Built in the 1750s, Rock House is reputed to be one of the oldest houses in Edinburgh’s new town.  It came to worldwide fame as the home of David Octavius Hill, the artist and pioneering photographer who in 1843 together with Robert Adamson developed the calotype process at Rock House.

Robert Adamson courtesy of Scottish National Portrait Gallery

Robert Adamson courtesy of Scottish National Portrait Gallery

David Octavius Hill courtesy of Scottish National Portrait Gallery

David Octavius Hill courtesy of Scottish National Portrait Gallery

Both Hill and Adamson are credited with the origination of photography as an art form - taking the camera into the landscape and for the first time photographing people in their natural habitat.

Two Newhaven Fishwives David Octavius Hill & Robert Adamson., courtesy of Scottish National Portrait Gallery.

Two Newhaven Fishwives David Octavius Hill & Robert Adamson., courtesy of Scottish National Portrait Gallery.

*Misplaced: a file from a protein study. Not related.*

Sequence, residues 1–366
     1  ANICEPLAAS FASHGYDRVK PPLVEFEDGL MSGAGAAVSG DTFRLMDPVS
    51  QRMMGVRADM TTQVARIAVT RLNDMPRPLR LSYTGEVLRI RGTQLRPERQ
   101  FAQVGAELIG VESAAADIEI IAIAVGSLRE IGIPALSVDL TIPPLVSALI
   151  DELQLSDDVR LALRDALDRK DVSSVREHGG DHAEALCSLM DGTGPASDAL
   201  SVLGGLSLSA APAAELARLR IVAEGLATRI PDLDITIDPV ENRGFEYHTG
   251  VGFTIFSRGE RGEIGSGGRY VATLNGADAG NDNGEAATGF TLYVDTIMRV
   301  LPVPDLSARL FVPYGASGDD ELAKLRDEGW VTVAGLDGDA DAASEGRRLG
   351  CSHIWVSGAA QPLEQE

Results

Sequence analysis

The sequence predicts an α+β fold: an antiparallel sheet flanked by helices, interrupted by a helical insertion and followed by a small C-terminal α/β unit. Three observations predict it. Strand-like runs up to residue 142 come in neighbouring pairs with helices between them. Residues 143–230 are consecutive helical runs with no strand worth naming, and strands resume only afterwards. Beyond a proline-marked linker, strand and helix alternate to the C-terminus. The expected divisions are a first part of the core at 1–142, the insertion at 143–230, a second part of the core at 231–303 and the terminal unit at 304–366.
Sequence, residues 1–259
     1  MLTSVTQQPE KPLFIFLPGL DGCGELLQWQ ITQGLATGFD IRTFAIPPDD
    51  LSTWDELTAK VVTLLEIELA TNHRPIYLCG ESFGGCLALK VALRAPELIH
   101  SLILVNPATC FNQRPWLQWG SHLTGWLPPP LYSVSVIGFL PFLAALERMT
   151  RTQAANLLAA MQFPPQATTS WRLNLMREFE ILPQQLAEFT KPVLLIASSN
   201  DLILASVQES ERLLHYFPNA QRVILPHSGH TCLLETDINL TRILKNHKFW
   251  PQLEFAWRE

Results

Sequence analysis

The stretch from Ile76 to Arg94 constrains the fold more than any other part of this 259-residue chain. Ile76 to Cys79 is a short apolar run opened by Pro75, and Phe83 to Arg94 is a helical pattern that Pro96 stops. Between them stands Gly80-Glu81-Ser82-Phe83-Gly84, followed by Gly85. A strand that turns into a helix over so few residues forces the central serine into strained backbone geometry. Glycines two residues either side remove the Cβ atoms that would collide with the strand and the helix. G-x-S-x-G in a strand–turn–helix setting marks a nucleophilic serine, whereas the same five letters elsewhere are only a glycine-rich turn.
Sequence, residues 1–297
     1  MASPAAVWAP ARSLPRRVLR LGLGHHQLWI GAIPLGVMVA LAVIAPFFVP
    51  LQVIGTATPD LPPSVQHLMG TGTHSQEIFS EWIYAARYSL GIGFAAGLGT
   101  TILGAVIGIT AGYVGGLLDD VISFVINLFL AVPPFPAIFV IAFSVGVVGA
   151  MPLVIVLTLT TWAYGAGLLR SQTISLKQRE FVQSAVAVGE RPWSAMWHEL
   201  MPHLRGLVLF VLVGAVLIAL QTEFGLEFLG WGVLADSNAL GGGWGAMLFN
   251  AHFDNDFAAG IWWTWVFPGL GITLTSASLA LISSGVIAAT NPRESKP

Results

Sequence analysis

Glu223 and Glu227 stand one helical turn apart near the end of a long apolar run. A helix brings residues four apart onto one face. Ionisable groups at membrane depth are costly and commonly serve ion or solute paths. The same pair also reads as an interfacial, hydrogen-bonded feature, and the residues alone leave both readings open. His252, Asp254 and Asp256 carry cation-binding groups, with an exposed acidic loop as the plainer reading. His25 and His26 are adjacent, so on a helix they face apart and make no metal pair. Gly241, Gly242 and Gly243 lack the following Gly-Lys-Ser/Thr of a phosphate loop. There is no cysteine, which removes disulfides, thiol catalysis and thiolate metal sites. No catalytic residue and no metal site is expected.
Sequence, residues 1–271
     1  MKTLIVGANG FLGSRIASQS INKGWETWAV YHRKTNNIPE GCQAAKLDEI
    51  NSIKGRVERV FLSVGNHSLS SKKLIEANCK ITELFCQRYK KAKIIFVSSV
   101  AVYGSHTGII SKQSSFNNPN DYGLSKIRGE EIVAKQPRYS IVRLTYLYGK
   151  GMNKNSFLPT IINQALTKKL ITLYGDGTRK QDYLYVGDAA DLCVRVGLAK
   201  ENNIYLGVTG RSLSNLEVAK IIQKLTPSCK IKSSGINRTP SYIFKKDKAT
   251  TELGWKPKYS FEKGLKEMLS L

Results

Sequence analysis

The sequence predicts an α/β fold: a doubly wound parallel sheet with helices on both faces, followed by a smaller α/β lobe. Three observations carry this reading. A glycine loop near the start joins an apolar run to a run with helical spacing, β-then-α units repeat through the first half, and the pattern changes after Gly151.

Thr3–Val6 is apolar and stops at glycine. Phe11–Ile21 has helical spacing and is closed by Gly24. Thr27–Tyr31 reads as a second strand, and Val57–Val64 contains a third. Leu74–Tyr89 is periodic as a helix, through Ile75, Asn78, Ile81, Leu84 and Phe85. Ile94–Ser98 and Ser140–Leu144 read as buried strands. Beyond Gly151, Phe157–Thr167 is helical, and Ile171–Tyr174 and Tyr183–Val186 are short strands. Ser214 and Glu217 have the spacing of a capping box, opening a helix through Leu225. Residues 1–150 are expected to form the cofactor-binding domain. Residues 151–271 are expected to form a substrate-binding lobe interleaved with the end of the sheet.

Rock House remained in continuous use as a photographer's studio from the 1840s up until the 1950s. Recently renovated by the Interior Designer Jonathan Reed and Scottish Fashion Designer Graeme Black, it has now returned to its former glory and can be enjoyed by members of the public for short stays and holidays. 

Edinburgh from Calton HIll, William Turner, courtesy of Scottish National Gallery.

Edinburgh from Calton HIll, William Turner, courtesy of Scottish National Gallery.

With thanks to the National Galleries of Scotland for use of their images.